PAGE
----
by  Aaron Burns

HUNTERSVILLE – When the dust on store shelves settled, Black Friday weekend showed a slight improvement nationwide and a source of optimism locally.

A study by the National Retail Federation showed national spending on Black Friday weekend – which included Small Business Saturday, a day promoting local businesses – saw a 14 percent increase over last year to $59.1 billion.

Roughly $5.5 billion of that total came from Small Business Saturday, according to a report from the National Federation of Small Businesses.

Black Friday, which saw a 1.8 percent decline by itself in sales nationally due to people shopping on Thursday and Saturday, is just one of many days during the holiday season where retailers can expect more sales, Lake Norman Chamber of Commerce President Bill Russell said.

NRF’s study showed the average consumer spent $423 the entire weekend.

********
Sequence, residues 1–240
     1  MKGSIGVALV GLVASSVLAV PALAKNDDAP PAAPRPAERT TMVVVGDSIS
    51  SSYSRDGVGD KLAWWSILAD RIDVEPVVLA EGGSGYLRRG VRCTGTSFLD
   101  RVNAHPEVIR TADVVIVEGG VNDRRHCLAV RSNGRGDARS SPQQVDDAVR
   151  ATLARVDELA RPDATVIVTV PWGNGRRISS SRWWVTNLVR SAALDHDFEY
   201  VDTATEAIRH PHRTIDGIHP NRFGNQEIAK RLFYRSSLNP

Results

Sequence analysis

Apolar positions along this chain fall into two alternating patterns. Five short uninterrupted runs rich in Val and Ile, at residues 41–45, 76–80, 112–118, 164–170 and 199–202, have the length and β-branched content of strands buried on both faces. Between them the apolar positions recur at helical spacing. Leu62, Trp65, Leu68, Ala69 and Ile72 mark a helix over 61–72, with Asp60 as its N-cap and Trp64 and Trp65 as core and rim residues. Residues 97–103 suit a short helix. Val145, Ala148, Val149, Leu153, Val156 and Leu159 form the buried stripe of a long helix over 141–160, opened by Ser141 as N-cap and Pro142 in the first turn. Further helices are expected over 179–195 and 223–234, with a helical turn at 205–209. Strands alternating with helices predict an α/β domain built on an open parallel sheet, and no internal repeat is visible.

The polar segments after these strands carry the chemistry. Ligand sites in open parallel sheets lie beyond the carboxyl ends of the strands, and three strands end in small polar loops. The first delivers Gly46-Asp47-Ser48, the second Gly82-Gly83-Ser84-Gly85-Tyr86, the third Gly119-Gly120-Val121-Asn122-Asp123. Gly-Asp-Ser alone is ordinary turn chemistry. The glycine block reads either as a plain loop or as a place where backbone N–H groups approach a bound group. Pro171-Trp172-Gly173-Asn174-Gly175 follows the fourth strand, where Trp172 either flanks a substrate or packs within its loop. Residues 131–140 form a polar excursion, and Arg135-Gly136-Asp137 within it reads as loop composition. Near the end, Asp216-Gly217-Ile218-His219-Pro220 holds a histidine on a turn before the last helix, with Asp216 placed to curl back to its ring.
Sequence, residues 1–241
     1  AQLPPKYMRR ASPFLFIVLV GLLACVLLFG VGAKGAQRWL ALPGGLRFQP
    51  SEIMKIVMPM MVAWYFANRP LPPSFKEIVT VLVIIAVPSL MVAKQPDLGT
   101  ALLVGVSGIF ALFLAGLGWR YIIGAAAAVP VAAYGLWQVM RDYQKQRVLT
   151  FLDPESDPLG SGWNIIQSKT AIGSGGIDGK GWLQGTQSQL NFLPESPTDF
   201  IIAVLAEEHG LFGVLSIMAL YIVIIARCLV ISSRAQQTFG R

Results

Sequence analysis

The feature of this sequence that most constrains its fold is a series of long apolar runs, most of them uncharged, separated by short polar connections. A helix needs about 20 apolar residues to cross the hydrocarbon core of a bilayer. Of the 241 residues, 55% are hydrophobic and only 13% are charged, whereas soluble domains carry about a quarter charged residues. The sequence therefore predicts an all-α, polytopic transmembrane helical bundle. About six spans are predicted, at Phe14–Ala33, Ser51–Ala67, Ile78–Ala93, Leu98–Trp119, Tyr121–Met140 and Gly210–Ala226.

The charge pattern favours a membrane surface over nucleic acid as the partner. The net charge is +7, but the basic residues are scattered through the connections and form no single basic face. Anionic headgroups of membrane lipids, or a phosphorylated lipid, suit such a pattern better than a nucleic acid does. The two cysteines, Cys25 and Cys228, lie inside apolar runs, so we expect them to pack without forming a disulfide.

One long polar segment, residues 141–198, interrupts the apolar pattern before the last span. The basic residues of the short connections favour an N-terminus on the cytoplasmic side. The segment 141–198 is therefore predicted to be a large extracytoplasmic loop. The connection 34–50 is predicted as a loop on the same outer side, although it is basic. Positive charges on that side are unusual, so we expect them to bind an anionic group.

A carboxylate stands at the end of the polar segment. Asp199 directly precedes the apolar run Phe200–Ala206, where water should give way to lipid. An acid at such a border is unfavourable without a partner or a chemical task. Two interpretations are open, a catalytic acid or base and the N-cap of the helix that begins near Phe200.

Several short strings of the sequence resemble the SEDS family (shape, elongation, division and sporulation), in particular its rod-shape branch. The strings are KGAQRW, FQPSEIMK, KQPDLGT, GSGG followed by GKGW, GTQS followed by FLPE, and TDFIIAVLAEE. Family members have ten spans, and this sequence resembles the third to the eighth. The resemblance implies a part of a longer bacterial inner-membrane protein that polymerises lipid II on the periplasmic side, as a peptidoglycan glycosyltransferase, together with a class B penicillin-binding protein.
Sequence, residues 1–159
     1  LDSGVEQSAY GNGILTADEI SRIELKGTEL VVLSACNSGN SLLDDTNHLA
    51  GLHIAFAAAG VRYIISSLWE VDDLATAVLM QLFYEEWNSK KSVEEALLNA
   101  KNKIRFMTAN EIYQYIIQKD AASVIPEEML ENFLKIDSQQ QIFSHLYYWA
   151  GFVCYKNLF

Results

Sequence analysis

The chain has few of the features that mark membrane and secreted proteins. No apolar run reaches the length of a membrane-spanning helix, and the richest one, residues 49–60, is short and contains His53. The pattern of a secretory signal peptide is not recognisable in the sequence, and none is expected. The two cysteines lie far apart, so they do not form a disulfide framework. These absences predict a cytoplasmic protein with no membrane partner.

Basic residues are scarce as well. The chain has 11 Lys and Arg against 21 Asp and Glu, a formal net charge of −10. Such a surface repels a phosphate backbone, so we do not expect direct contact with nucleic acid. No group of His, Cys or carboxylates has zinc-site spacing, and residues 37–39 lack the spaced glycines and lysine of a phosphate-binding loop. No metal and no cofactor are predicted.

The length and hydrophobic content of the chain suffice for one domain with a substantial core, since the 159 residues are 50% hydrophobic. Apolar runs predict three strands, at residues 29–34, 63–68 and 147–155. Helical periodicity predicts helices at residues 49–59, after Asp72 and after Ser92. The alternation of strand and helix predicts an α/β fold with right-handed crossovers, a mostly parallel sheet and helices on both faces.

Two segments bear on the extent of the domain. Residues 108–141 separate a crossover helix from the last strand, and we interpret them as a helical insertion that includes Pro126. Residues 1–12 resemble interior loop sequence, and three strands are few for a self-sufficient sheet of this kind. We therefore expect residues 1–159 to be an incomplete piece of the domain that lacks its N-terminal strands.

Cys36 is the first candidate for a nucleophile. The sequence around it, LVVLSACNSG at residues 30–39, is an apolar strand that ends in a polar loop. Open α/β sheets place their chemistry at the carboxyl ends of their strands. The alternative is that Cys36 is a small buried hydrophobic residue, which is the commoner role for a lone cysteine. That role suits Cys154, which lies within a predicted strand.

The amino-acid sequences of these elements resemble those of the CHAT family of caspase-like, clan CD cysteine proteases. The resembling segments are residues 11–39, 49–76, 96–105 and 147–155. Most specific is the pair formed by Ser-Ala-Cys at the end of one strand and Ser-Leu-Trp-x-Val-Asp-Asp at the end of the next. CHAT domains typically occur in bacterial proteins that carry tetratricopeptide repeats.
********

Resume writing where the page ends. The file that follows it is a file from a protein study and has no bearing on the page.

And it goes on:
Cyber Monday, a major sales day for online retailers, was projected by comScore Inc. to reach $1.5 billion in sales, a 20 percent increase from 2011. Numbers for Cyber Monday were unavailable before press time.

But the overall weekend sales reflected a 6 percent increase over last year, meaning consumers spent more, but didn’t limit themselves to Black Friday.

“We’ll be seeing stronger sales overall and not (limited to) just one-day events like Black Friday,” Russell said. “I don’t think you can point to a specific day anymore.

“People are spending more money throughout the holidays this year and charging more on plastic, which shows they have more confidence that they can pay (credit card purchases) back.”

Jeff Steiner, executive director of Moving Mooresville Forward, an initiative to promote economic growth in Mooresville, said the Lake Norman-area market could see more than just improved spending in the coming years. As more businesses start up and expand, customers will have more spending options.

“Our growth is continuing,” Steiner said. “This area is ripe for good business opportunities.”

Russell said the retail market in the Lake Norman region continues to improve, despite spending trends nationally.

“I don’t look at the Lake Norman area as a barometer for spending in the whole U.S.,” Russell said. “In many cases, we’re better off right here than most of the country because of the number of people moving here and spending money here.”